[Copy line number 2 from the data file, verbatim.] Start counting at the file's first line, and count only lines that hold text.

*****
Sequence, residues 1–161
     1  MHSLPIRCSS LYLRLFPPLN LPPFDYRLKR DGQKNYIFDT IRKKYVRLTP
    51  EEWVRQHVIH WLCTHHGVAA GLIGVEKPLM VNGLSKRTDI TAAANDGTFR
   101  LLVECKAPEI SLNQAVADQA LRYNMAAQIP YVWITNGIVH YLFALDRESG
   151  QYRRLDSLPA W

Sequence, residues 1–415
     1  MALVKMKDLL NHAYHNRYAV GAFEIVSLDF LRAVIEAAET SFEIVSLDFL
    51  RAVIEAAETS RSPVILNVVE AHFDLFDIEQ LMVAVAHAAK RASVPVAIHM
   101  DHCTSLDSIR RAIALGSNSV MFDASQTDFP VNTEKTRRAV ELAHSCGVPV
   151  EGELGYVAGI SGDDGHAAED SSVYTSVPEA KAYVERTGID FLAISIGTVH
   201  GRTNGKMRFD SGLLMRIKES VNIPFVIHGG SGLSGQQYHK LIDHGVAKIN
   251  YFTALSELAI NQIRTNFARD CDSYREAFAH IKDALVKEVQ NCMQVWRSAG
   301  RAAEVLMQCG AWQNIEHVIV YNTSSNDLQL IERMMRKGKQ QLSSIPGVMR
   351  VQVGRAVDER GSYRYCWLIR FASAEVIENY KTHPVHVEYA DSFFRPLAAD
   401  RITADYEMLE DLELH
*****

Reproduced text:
     1  MHSLPIRCSS LYLRLFPPLN LPPFDYRLKR DGQKNYIFDT IRKKYVRLTP